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Hello, my name is Valorie. I have a Master's Degree in History and a license to teach-- I have been both university professor and public school teacher. Currently, I am a middle school social studies teacher. I love horror movies and spooky things. Every day is Halloween. I am also a passionate book blogger.

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Book Review: 23:27 by H.L. Roberts

Saturday, January 10, 2009

Book Review: The Tudor Rose by Margaret Campbell Barnes

Title: The Tudor Rose
Author: Margaret Campbell Barnes
Genre: Fiction - Historical
Finished: January 9, 2009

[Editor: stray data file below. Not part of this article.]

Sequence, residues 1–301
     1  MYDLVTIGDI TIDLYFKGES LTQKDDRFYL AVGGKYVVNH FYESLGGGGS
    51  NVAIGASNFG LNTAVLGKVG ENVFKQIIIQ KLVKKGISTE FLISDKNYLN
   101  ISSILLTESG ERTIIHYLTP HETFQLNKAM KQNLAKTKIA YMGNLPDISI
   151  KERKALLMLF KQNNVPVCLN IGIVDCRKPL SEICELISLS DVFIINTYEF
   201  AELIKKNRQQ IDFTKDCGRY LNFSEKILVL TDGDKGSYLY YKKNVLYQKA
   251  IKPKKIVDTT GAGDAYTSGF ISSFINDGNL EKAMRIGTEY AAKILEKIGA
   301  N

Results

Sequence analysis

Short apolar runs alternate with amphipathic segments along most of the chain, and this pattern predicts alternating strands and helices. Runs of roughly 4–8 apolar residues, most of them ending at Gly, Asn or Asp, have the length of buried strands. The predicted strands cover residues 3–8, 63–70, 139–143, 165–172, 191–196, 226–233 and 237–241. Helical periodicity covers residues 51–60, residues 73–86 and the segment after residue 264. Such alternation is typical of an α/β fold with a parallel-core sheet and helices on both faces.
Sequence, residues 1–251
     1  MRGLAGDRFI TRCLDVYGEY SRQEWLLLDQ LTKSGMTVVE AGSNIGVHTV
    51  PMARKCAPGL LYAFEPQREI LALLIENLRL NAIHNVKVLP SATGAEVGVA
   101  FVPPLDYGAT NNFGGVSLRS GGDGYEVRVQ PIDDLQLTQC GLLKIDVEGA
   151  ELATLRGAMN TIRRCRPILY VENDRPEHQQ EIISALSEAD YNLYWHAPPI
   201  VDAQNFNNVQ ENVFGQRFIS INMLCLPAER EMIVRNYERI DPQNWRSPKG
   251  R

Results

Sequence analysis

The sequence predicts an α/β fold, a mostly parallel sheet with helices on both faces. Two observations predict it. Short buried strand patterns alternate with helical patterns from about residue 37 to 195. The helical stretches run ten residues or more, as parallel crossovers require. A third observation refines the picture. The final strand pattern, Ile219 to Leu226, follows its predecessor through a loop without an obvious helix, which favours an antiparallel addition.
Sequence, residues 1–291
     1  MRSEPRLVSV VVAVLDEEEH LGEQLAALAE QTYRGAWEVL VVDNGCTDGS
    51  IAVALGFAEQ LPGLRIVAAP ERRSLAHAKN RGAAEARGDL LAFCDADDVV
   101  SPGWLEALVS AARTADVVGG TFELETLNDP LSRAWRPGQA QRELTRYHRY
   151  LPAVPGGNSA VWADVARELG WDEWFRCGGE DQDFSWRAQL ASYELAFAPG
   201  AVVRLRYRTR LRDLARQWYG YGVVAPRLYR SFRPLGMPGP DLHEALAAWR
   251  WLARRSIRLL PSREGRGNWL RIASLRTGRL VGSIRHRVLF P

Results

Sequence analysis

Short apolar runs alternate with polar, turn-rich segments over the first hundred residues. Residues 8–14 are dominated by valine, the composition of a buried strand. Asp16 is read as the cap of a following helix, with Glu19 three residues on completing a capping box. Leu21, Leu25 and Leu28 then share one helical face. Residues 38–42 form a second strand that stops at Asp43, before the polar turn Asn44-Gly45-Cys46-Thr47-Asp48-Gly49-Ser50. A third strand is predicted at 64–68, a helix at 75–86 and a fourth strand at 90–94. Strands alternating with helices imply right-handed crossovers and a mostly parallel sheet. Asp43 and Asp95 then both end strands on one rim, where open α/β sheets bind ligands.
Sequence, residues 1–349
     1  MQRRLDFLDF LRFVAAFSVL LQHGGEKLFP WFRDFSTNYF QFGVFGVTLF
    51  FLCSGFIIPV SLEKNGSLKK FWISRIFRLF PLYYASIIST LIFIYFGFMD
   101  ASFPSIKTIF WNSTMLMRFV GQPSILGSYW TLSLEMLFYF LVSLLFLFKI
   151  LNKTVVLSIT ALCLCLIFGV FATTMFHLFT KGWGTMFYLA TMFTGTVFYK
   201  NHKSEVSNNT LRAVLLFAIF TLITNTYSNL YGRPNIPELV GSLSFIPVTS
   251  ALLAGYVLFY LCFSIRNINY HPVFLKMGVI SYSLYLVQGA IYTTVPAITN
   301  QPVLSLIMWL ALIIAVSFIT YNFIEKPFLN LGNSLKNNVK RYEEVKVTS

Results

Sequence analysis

Tudor Rose follows the tumultuous events of the life of Elizabeth of York, one of the Plantagenet and the rightful heir to the throne after her father dies and her uncle Richard has her two brothers murdered. Once a young girl with high hopes of being married off to French royalty, dreams that are never realized as the nature of political alliance complicates happiness, Elizabeth (Bess) is thrown into drama and intrigue when, just as her young brother Edward is to be crowned King, he is sent to the Tower of London. Not soon after, so too is her brother Richard. With both sons out of the way, presumed and then verified dead, her father's brother, the noble Richard rises to the thrown. She is caught in the middle of an uncle she fears is a murderer and may soon either murder or wish to marry her, and a political alliance with one of the Tudor family in exile. In a plot to rid herself of her uncle, she promises young Henry that she will marry him and give him the crown if he kills her uncle. Yet it is no happily ever after for them as Elizabeth soon finds that their marriage will not be one of love. After a lifetime of disappointment and fear, she must now endure a husband who is not only ambitious, but entirely awkward at ways of love. His brand of affection is vexing for her indeed. Feeling unloved, Elizabeth must find reasons and things within her life to bring her pleasure. And, as she hopes, to make the husband she gave her crown and the power over all of England to love her finally. Amidst disappointment, fear, and grief, the two of them I very much enjoyed Tudor Rose, as it is one of my first forays into the realm of Tudor fiction, which is apparently all the rage. Not knowing much about the time period or the family itself, I cannot attest to the historical accuracy of the novel besides saying that the author has taken great pains to bring life and complexity into each and every character. Whether the personalities are true to the people, I liked that each and every one was distinct and evolving, not superficial. Though of course the "everyone loves Bess, she's perfect and no one can resist her charms and adores her" was a little bit annoying. It took it to that "romance novel" level of perfect lead female characters that I just cannot stand. She was your typical tragic female character who is perfect despite all and suffers through misfortune that only makes her ever more adored by those around her. Not my type of character. I was also a bit put off by how quickly certain events moved. It seemed throughout the novel that the author was setting us up for something big and climactic, but then it would all come to an end in the beginning of the first chapter with a few sentences to explain it was taken care of. It felt rather disappointing to be set up for so much drama, only to not get to witness it being played out. This was more common in the beginning on the novel, which I suppose is understandable because to cover everything would have made the book of considerable length. There was enough to fill up the pages, and not everything was brushed over anti-climactic. I read the book in its entirely in a hotel room in San Diego and very much enjoyed every moment of the experience. I even found myself looking forward to returning to the hotel room to finish the book.

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